The next morning, we packed up our gear and set off on the Panorama hike under the north face of the Matterhorn. The views were beautiful; across the valley we could see the ski resorts and glaciated peaks. Because of a fairly early start, we met almost no one on the trails until we got lower down. We returned to the city at 2:30pm and ran to catch the train back to Davos. We decided to take the scenic route (following the Glacier Express route) (9.5 hours) and so it was very late by the time we returned to Davos.
The next day was our last day together. We decided to head to the Upper Engadine. We took the train to near Saint Moritz. From there, we caught a funicular to a ridge and hiked up to the Segantini Hut, at (2,731 m). Esther had done her some of her graduate school work in the area, so she knew it very well. The landscape was gorgeous!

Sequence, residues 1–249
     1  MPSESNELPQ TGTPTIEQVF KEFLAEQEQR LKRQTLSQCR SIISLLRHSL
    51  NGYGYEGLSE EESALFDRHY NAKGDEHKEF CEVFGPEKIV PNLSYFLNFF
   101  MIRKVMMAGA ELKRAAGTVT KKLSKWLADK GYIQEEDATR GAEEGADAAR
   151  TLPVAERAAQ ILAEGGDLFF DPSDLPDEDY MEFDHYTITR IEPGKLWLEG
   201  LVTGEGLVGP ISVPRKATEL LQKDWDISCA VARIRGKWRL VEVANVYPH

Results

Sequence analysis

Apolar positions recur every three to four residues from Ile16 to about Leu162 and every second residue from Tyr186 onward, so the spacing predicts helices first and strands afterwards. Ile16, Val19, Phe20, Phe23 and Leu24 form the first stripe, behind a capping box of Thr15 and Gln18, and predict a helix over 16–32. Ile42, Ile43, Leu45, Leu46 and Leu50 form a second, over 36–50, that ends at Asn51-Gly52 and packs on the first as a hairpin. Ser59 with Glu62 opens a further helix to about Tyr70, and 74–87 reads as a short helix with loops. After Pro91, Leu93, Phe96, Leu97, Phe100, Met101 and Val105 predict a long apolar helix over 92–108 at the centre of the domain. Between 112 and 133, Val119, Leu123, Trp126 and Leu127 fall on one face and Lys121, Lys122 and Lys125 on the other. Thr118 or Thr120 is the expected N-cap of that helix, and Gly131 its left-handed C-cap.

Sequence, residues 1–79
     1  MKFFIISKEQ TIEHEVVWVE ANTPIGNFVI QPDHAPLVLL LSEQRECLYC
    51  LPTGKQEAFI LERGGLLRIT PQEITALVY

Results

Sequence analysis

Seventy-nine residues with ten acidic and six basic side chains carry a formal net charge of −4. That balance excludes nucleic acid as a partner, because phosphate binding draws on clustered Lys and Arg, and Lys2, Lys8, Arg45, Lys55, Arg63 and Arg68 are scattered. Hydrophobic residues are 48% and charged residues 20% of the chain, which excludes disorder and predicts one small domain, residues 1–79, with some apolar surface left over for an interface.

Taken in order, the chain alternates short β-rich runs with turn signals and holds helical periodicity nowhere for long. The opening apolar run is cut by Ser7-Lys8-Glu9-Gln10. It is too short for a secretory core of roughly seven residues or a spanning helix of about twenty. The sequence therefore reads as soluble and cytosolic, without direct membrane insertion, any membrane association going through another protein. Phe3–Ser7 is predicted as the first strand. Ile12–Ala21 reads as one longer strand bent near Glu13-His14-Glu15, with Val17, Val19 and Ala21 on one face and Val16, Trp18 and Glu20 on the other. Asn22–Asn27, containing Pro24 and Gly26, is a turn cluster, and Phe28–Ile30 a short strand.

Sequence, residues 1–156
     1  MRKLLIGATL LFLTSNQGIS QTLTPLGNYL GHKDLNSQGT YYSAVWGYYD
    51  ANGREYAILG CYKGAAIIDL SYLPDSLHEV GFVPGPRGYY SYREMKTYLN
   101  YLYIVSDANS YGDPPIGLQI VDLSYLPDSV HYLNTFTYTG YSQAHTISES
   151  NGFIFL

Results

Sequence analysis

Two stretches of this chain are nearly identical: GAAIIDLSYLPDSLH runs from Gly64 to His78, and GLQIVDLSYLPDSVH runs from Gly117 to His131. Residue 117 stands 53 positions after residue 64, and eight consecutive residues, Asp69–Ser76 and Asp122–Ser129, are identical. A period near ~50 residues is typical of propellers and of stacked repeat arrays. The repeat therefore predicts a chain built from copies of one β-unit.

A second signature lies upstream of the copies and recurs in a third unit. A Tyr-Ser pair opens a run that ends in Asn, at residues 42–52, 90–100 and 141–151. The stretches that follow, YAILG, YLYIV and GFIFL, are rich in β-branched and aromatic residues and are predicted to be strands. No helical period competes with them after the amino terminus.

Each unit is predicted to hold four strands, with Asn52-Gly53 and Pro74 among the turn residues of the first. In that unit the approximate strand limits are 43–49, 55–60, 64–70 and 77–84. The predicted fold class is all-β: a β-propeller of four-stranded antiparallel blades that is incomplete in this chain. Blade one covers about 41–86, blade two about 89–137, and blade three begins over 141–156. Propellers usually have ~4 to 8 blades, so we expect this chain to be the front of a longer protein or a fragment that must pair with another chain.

We returned to Davos earlier than usual in the evening to trade photos and do laundry etc. The week had flown by. Early the next morning, I found myself on a train heading to Vienna to visit a lab studying plant epigenetics in the Gregor Mendel Institute.
Each day I spent in Switzerland, I was astounded by the scenery. Each place we went blew me away more than the last. I felt like I had seen a great deal of the country in under a week: starting in Davos, then visiting Val Bercla, the Canton of Valais, Zermatt, the Matterhorn, and finally the Upper Engadine. I don’t know how the trip would have been possible without the guidance and amazing company of Esther, Martin and Tobias. Thank you!